How You Can Get Involved:

Make a Difference Mondays is a series here at IntentBlog to spotlight individuals, organizations, and causes making a positive difference in our global community. We’ll also be sharing opportunities for engagement and suggesting tangible actions you can take to make the world a better place. 

Intent Video of the Day: How Prosthetic Legs Make Aimee Mullins Super-Abled

“Pamela Anderson has more prosthetic in her body than I do, and no one calls her dis-abled!”

What does a beauty look like? What is a sexy body? What does it mean to have a dis-ability? In this video, athlete, actor and activist Aimee Mullins challenges cultural stereotypes about what an ‘able’ body looks like. Mullins says, “people that society once considered disabled can now become the architects of their own identities… by designing their bodies from a place of empowerment.” Hell, yes. Here’s to celebrating the glorious (dis)abilities we all have!

 Everyday we spotlight one remarkable video to inspire you to fulfill your intentions and improve your life. Do you have a video you’d like to suggest? Send it to us at editor [at]

Intent Video of the Day – Dance the world awake

Everyday we spotlight one remarkable video to inspire you to fulfill your intentions and improve your life. Do you have a video you’d like to suggest? Send it to us at editor [at]

This video makes me want to sing, cry, and dance all at the same time. Whatever your opinions are on the Occupy Movement, this video a powerful demonstration of what’s possible when art and activism converge. Connection. Expression. Community. Awakening.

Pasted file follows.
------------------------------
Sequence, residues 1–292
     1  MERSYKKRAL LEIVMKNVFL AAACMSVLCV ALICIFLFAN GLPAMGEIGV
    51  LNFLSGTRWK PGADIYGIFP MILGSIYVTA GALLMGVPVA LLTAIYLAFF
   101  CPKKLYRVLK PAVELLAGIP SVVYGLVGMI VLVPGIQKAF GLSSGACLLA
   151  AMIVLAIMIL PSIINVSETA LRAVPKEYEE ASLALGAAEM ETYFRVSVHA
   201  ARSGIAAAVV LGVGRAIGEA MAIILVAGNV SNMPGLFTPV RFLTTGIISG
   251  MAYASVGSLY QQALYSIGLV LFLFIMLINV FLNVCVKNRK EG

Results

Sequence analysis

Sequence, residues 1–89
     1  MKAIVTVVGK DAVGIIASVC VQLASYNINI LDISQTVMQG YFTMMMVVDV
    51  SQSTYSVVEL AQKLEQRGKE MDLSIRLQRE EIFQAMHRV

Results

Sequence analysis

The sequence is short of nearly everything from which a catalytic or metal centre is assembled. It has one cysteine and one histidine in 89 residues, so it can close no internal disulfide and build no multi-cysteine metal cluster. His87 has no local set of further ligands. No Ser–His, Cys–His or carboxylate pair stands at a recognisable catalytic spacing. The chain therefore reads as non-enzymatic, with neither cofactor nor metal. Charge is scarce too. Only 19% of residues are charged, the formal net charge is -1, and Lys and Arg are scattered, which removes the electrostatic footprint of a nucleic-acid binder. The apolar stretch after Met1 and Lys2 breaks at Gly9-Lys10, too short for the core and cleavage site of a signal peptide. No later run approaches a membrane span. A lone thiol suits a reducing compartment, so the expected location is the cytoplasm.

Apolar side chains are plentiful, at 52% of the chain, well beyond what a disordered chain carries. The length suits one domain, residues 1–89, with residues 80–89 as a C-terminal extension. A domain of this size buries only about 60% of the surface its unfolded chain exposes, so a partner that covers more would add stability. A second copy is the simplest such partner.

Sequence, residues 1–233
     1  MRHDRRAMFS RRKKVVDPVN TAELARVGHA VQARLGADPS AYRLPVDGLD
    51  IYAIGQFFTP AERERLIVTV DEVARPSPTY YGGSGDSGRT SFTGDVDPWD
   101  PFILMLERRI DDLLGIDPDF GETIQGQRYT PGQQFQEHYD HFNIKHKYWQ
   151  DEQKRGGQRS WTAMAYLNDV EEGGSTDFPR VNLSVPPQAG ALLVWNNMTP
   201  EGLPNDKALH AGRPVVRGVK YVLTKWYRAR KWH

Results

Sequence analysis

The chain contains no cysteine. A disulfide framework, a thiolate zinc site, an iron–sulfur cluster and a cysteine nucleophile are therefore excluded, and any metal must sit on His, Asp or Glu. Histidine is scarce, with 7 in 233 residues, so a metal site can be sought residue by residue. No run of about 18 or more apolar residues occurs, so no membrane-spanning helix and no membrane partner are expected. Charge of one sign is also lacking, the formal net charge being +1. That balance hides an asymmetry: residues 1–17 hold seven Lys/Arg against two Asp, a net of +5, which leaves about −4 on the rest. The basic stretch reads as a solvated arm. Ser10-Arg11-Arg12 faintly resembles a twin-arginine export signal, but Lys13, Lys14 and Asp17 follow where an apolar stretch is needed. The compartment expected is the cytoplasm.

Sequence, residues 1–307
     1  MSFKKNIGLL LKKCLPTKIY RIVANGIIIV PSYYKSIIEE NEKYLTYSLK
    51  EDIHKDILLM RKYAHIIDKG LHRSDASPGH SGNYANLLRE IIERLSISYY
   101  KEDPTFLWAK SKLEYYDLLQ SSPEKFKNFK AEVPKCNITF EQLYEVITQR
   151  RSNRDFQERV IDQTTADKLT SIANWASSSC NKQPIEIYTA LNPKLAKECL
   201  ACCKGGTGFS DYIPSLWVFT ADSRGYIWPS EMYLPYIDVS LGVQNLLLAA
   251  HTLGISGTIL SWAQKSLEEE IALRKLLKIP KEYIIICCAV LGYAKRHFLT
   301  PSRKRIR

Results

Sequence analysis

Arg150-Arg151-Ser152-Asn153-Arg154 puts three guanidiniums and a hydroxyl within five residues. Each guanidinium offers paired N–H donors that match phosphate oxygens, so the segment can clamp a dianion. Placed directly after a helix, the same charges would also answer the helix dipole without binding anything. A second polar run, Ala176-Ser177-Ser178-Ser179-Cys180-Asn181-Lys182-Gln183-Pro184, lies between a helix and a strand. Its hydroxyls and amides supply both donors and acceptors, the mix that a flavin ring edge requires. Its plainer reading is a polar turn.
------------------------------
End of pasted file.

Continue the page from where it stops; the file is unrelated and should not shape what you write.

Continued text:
Check it out. This video was shot November 19, 2011 at Occupy San Francisco & Oakland. Their intent? “Dance the world awake!”

Intent Video of the Day: Felicia Tomasko on choosing a daily practice

Everyday we spotlight one remarkable video to inspire you to fulfill your intentions and improve your life. Do you have a video you’d like to suggest? Send it to us at editor [at]

Many of you are already very familiar with our friend Felicia Tomasko — Editor in Chief of LA Yoga Magazine and a very active member of the community here at In this video, Felicia speaks to the importance of committing to a “non-negotiable” daily practice. Whether it’s drinking lemon water every morning or having a hot bath every night, Felicia says setting an intent to take care of yourself each and everyday can definitely enhance your life (hint hint: #30dayintents!).

By the way, if you haven’t heard of BigHappyDay yet… definitely check out their YouTube channel. They post fun, engaging daily videos of teachers talking about yoga, spirituality, sustainability, and many other interesting topics. You can find more from Felicia, plus some other great ones: Suzanne Sterling on Singing as Pranayama, Bo Forbes on Neuroplasticity, Erica Shaw on Tantra, and Jenny Sauer-Klein on the Art of Communication are great to to start!